Josh Jackson Wants to Save the Oceans to Feed the World | Oceana

Josh Jackson Wants to Save the Oceans to Feed the World


Actor and ocean advocate Joshua Jackson stars in a public service announcement (PSA) campaign for Oceana, the largest international organization dedicated to ocean conservation. Jackson’s video PSA, shot on location on San Juan Island in Washington State’s Salish Sea, promotes Oceana’s Save the Oceans, Feed the World campaign:

“The health of the oceans affects all of us,” Joshua Jackson said. “It’s amazing how interconnected we all are. When fish populations decline, it really impacts people and marine animals everywhere. Orcas in the Pacific Northwest rely on salmon for food. Fishers around the world feed their families with what they catch or sell. Restoring our oceans helps feed hungry people while supporting vibrant ecosystems. I am excited to work with Oceana so we can save the oceans and help feed the world.”

Oceana works to protect marine biodiversity and restore ocean abundance in order to support a growing global population. 795 million people are already living in hunger. According to U.N. estimates, the world’s population will increase by 33 percent by 2050 — meaning 2.4 billion more mouths to feed. But the potential of healthy oceans to help meet this demand is immense: Estimates suggest that a healthy, fully restored ocean could provide a healthy seafood meal, every day, for more than 1 billion people.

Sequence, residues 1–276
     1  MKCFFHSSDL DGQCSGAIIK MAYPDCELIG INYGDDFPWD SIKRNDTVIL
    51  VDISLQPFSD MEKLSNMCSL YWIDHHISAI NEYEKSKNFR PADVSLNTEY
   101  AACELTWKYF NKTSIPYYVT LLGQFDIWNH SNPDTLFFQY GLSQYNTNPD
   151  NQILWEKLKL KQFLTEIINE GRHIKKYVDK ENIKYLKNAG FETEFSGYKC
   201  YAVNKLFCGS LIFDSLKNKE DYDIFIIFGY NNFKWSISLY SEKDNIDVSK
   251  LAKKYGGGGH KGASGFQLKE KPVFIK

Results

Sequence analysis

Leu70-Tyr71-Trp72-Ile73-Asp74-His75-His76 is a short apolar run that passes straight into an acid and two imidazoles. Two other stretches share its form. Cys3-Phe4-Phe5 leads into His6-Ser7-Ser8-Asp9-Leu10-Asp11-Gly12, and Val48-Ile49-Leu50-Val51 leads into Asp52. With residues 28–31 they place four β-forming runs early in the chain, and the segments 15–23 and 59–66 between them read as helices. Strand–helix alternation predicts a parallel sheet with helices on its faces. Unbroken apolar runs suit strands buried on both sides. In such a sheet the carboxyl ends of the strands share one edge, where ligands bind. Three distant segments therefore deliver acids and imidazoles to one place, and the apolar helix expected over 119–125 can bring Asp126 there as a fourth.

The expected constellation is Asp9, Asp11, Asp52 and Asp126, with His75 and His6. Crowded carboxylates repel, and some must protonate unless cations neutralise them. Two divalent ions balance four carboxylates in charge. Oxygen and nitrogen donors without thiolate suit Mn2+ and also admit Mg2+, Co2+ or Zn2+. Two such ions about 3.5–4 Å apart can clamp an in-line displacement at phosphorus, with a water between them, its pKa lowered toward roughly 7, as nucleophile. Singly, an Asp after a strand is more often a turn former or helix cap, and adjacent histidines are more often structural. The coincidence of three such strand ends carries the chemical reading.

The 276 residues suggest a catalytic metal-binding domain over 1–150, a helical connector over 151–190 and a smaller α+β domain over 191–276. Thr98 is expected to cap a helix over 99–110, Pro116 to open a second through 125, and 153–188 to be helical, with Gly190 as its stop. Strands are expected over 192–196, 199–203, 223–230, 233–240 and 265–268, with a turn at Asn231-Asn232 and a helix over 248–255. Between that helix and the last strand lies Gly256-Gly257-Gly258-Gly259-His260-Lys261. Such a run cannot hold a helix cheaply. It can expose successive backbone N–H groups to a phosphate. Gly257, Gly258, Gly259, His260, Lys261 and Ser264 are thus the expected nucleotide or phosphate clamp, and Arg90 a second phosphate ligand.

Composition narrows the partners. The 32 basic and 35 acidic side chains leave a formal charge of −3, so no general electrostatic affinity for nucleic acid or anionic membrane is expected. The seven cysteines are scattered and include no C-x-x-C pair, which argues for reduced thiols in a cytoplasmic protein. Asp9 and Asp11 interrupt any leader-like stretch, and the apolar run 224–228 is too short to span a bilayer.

Studies have also found that switching from red meat to seafood reduces the risk of heart disease, cancer, and obesity. And, in comparison to land-based agriculture, wild fisheries produce modest amounts of greenhouse gas and require virtually no fresh water or arable land. Wild fish is good for our health and the health of the planet.

Oceana is winning victories that institute science-based fisheries management policies that stop overfishing, reduce bycatch and protect habitat in key countries so wild fish can thrive. Since just 29 countries and the EU are responsible for 90 percent of the world’s wild seafood catch, success in these places will have dramatic worldwide impact — protecting biodiversity in our oceans and addressing the pressing hunger crisis.

Jackson accompanied Oceana on a research trip in the summer of 2016 to identify threats facing endangered Southern Resident orcas and possible solutions for increasing Chinook salmon, a critical nutrition source for the whales and a commercially valuable fish in the Pacific Northwest. View photos from the trip below.